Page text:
The capitalization of the largest banks has been a concern since the start of the financial crisis, and the Federal Reserve wants to test the largest banks to see if they could remain capitalized enough to remain solvent during an economic downturn.
The Fed will release the results of the first of its two annual supervisory stress test exercises this week when it publishes the findings of the Dodd-Frank Act Stress Tests (DFAST) on Thursday, June 23, at 4:30 pm EST.
The results of the second round of stress testing, the Comprehensive Capital Analysis and Review (CCAR) on Wednesday, June 29. The DFAST is a complementary exercise to the CCAR that will “help assess whether institutions have sufficient capital to absorb losses and continue operating during stressful economic and financial conditions over a period of nine quarters."
The CCAR will test 33 bank holding companies with $50 billion or more in total consolidated assets. For the 2016 cycle, the CCAR will include a severely adverse global economic scenario in which “U.S. unemployment rate rises five percentage points to 10 percent, accompanied by a heightened period of corporate financial stress and negative yields for short-term U.S. Treasury securities,” according to the Fed.
Earlier in June, two Fed governors announced that the capital requirements for banks would be tougher for this year's round of stress tests. Fed governor Daniel Tarullo said that the tougher requirements include “a significant increase in capital.” Fed governor Jerome Powell said that he hopes the new requirements will “fully internalize the risk” their size poses to the economy and that he has “not reached any conclusion that a particular bank needs to be broken up or anything like that.” Instead, Powell said the Fed will “raise capital requirements to the point at which it becomes a question that banks have to ask themselves.”
Bank of America CEO Brian Moynihan told the Wall Street Journal he is confident that his bank will pass the stress tests, but at the same time, he said he thought the capital requirements may restrict lending. “We could lend more money if the capital levels were different,” he said.
JPMorgan Chase CEO Jamie Dimon said in April that his bank was so well-capitalized, it could absorb $350 million in losses without hurting the bank's solvency or ability to lend. He wrote in his annual shareholder letter, “You can see in the table below that JPMorgan Chase alone has enough loss absorbing resources to bear all the losses, assumed by CCAR, of the 31 largest banks in the United States.”
Existing-home Sales—National Association of Realtors—Wednesday, June 22
Existing-home sales defied the odds in April by overcoming inventory shortages, soaring home price appreciation, and stagnant household income growth to rise by 1.7 percent to a seasonally adjusted annual rate of 5.45 million. It was the second consecutive months of increases for existing home sales, which have been up and down over the last year.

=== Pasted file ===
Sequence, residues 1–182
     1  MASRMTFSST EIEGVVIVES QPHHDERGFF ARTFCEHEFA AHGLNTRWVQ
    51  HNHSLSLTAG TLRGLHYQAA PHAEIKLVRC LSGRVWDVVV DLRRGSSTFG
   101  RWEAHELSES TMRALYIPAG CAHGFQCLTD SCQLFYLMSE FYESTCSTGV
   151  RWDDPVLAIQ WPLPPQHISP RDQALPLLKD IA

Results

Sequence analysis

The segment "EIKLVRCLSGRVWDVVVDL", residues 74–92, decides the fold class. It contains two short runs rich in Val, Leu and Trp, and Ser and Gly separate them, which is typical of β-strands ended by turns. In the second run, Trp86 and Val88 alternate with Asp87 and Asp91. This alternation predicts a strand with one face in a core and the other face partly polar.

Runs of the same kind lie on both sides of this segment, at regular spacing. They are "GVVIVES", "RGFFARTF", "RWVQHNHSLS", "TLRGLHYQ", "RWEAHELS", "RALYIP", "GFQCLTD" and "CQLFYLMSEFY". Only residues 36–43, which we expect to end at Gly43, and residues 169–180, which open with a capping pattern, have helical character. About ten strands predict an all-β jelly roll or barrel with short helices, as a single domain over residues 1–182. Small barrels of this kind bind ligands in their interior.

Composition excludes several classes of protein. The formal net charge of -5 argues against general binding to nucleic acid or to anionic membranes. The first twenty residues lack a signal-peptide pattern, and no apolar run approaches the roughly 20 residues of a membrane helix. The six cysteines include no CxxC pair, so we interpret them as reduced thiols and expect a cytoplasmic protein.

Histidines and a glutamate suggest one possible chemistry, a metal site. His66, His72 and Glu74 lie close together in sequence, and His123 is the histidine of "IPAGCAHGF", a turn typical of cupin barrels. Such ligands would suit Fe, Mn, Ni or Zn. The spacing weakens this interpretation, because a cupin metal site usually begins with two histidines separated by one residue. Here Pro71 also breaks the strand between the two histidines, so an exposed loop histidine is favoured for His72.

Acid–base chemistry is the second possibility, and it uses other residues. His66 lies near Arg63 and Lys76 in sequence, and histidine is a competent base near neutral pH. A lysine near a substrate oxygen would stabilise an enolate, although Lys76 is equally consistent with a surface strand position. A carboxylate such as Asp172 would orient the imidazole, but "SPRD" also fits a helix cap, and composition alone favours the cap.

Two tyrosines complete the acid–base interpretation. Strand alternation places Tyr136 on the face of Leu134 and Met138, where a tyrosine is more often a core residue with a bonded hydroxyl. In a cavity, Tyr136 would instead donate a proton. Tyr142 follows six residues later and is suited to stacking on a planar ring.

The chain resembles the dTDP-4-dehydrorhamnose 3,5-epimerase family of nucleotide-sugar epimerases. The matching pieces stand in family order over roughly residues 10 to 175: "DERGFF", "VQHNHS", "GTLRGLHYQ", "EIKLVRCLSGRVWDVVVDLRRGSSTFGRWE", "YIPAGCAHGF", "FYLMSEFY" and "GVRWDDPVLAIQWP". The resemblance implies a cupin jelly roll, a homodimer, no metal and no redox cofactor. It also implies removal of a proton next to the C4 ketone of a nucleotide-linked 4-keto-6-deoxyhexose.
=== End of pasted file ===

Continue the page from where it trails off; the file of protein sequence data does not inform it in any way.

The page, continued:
Can they do it again and increase a third straight month? The industry will find out on Wednesday, June 22, when the National Association of Realtors releases the existing-home sales report for May 2016.
It is quite possible. Realtor.com Chief Economist Jonathan Smoke said that the two-month streak of increases has brought existing home sales in line with the seasonally adjusted pace of sales at the beginning of the year and 6 percent higher than last year. This shows that momentum is continuing from a strong start to the year as the peak months for sales approach.
Affordability is a concern despite the current ongoing low mortgage rate environment.
“The temporary relief from mortgage rates currently near three-year lows has helped preserve housing affordability this spring, but there's growing concern a number of buyers will be unable to find homes at affordable prices if wages don't rise and price growth doesn't slow,” NAR chief economist Lawrence Yun said.
Yun was still optimistic about the summer homebuying season despite the affordability concerns.
“Looking ahead, with demand holding steady and supply levels still far from sufficient, the market for entry-level and mid-priced homes will likely continue to be the most competitive heading into the summer months,” Yun said.
This week's schedule
Wednesday, June 22
FHFA House Price Index, 9 a.m. EST
Janet Yellen, Federal Reserve Chair, Semi-Annual Testimony Before the House Financial Services Committee, 10 a.m. EST
Existing-home Sales for May 2016, National Association of Realtors, 10 a.m. EST
Thursday, June 23
New Home Sales for May 2016, HUD and Census Bureau, 10 a.m. EST
Dodd-Frank Act Stress Test (DFAST), Federal Reserve, 4:30 pm EST